Gloria J. McAdam, Foodshare President and CEO
A recent Washington Post first person story about driving the family Mercedes to pick up food stamps went viral. I'm sure you probably saw it.
What struck me was not the story itself: Here at Foodshare, we hear stories like it every day from formerly middle-class people who have fallen on hard times and are in line to pick up food from the local food pantry or the Mobile Foodshare truck. Instead it was the commentary from others that followed and how so many people harshly judged this family for their choices.
What is it about American culture that makes it okay for us to look down on people with lower incomes than our own and make assumptions and judgments about it being their own fault or because of the poor choices they made?
This judgment plays out in other ways, too -- the shopper who publicly comments on the food choices of someone shopping with WIC or SNAP benefits or the food pantry volunteer who assumes because someone has nice clothes that they don't need the food.
What do we actually know about that person's life or situation? Maybe that ice cream in their shopping cart is the first dessert they've had in months and is to celebrate a child's birthday or graduation. Maybe those nice clothes are their one good outfit because they just came from an interview for a job they are desperate to have.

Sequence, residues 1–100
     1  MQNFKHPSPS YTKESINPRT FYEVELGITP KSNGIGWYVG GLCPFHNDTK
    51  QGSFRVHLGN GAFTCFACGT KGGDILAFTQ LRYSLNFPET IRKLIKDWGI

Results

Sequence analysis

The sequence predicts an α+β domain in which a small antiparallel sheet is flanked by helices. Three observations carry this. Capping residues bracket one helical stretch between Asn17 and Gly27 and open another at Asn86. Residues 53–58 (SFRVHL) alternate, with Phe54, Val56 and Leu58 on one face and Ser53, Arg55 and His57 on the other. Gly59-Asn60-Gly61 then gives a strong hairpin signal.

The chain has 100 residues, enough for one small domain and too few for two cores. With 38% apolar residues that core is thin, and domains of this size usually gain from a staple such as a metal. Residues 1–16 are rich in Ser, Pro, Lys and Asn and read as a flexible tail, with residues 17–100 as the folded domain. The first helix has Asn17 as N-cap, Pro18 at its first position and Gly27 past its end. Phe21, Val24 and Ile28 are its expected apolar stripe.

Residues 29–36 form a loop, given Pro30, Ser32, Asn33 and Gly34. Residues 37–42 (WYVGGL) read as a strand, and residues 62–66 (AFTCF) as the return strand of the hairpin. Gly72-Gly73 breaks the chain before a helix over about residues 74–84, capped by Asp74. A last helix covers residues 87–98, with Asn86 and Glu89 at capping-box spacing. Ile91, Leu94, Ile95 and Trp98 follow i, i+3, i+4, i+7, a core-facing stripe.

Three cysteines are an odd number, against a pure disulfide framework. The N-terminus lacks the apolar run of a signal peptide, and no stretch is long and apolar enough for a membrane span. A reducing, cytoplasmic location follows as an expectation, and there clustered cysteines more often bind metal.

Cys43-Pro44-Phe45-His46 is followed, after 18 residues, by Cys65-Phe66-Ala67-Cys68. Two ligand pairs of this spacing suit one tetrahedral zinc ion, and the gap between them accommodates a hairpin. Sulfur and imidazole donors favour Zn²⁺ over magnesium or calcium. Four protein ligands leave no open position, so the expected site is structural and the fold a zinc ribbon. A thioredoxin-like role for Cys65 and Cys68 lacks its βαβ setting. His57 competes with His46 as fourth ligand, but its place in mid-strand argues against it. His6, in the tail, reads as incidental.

I don't know the answer to my question, but what I do know is that it troubles me a great deal when people feel free to judge others in this way. If we could harness the negative energy that goes into this kind of judgment into positive energy aimed at solving the systemic problems that cause hunger in the richest country in the world, we could solve the problem!
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